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Are we reinventing the cloud?

TL;DR; this post is a rant about the unnecessary complexity and duplication that I - so far - didn't see beneficial while running workloads on managed Kubernetes


Everything started from this comment on LinkedIn, comment that I support 100%.

comment on linkedin about kubernetes

original comment here

Delusional behaviour: Kubernetes everywhere

kubernetes everywhere

The more I'm using Kubernetes the more I'm puzzled about the direction we are going.

Kubernetes is an excellent abstraction layer, that can be installed over a pre-existing infrastructure and it implements a robust framework on top of which you can deploy components that will offer the possibility to have the underlying infrastructure "software-defined".

But, there is a but

When you run on-premise infrastructure, you most likely have a small part software defined (vmware, openstack) but not the entire set of services your workload need. Hence the need of Kubernetes.

Software defined is the core principle of every major cloud provider. And a robust framework is exactly what AWS, Azure, GCP do offer via their own APIs, SDK and CLIs.

The Duplication

Then let's consider the components you need (yes, you must) to install on top of Kubernetes to offer additional services: Access Control, DNS management, Load Balancing and traffic routing, Deployment Automation, Secrets management to make a few example, but the list is longer and longer.

Actually lets make this list more pragmatic. As an engineer, in order to install and manage a workload on Kubernetes on AWS I have to provision cloud resource and K8S components. For fun I will try to group them together to showcase what I believe are unnecessary duplications.


on AWS self-managed on K8S
IAM Roles Roles
Policies Role Bindings
Trust-Relationships Service Accounts


on AWS self-managed on K8S
Security Groups Network Policies
Load Balancer, Target Groups Ingress Component, Routes
DNS Hosted Zone (Route53) External-DNS Component
ACM Certificates Cert-Manager Component


Scaling & Elasticity

on AWS self-managed on K8S
Autoscaling group, Launch Templates Cluster Autoscaler / Karpenter component

Secrets Management

on AWS self-managed on K8S
Secrets Manager entities External Secret Operator component, etcd secrets


on AWS self-managed on K8S
CloudWatch agent Kube Prometheus Stack, Grafana, Metric Server Components, Logging Agent (fluentd, promtail, ....)

Additionally on K8S to make the life easier

self-managed on K8S
Reloader for config map/secret rotation
Trivy for keeping an eye on the potential vulnerability popping up in the running containers

Day 2

Now we have to maintain the infrastructure up to date with the new functionalities coming from the Cloud Provider (AWS SDK, deprecations, innovations) but also we - additionally - need to:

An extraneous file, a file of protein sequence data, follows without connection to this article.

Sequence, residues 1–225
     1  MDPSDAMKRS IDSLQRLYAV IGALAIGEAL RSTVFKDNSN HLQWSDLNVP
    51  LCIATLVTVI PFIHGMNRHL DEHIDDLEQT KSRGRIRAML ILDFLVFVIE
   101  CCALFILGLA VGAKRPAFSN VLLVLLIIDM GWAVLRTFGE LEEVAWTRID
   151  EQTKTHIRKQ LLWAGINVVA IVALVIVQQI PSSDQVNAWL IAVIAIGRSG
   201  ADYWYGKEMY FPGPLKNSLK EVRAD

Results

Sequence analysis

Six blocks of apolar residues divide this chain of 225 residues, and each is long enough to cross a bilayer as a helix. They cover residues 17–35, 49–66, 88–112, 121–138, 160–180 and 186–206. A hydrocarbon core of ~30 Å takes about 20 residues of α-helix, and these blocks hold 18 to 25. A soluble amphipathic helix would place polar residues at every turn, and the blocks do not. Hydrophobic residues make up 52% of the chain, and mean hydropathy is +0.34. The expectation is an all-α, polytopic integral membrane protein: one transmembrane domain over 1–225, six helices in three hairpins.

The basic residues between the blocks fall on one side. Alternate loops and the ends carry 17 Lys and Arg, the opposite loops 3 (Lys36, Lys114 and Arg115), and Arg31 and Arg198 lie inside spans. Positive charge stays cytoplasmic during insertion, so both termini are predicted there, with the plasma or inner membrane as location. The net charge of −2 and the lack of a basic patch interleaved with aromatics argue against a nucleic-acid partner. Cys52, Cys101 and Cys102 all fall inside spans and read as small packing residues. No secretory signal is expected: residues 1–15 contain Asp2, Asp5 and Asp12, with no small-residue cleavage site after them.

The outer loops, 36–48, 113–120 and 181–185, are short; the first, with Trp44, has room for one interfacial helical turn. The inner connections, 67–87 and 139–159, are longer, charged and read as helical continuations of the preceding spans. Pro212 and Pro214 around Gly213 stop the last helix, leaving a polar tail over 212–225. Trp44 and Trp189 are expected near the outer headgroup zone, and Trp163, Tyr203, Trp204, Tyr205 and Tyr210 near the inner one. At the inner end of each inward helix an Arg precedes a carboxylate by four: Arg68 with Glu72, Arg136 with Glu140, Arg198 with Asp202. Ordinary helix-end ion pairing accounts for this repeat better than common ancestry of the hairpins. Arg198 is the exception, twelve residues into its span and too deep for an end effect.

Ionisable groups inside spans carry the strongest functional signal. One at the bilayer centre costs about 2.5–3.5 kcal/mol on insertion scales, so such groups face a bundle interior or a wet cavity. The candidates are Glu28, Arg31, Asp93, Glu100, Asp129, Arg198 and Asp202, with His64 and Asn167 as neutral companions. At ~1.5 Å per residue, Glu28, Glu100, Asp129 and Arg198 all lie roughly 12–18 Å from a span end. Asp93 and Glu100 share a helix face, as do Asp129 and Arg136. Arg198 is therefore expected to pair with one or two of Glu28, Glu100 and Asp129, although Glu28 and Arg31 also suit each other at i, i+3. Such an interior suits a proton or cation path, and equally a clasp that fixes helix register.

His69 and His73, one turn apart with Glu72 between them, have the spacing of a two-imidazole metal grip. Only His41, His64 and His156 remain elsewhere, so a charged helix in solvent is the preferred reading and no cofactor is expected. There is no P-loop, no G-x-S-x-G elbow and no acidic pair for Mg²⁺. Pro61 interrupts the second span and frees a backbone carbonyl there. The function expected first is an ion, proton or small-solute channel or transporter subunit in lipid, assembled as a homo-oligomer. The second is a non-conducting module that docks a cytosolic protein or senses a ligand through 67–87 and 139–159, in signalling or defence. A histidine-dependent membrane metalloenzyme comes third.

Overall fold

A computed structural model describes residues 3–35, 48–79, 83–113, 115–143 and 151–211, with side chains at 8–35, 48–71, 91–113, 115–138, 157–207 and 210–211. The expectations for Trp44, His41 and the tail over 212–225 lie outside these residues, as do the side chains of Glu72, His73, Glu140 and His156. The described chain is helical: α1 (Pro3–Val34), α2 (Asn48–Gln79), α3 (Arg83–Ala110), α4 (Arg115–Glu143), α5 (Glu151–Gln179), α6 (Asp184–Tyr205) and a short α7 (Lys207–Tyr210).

1. Periodically update Kubernetes Control Plane
  2. Carefully rotate the Kubernetes Nodes when the time comes (hopefully the workload has Pod Disruption Budget)
  3. Check for vulnerability each one of the images for the self-managed components
  4. Periodically check for un-compatible API version of the K8S manifests with upcoming K8S releases
  5. Update periodically the self-managed components (all of the above, at least, the more you add the more you need to check release notes and update with their own cadence)
  6. Ensure we maintain proper compatibility between components and K8S versions
  7. When there is an problem, open a bug upstream or better a Pull Request, wait for approval and then you can proceed with updating the impacted component.

The above is the basic hygiene of your infrastructure, without factor in additional effort for modernising the K8S realm as well.

The Questions

Is it fu@*@! worth it?

Wouldn't be better to just off-load everything to the cloud provider and use the commodities the cloud provider offers for running the only thing we actually care about in our company that is the final workload?

Why don't we use ECS + Fargate? or Azure Containers or GCP Cloud Run? The underlying network and stuff, we still need to provision it in any case.

AWS, Azure, GCP, they already offer via their robust framework all the services we need. The main difference is that when you install a components on top of Kubernetes you don't have an SLA, it's managed by you and you need to come up as well with the proper maintenance, day-2 operations and upgrade patterns. And take care as well of the Kubernetes upgrades.

The Bet

If you are a multi-cloud company (are you really?), I'm more and more convinced that it would be less costly and less frustrating (incidents-wise) to setup small cloud-experts teams to maintain simpler infrastructure, with reduced maintenance operations, and run the workload in each cloud in the vendor-locked in flavour.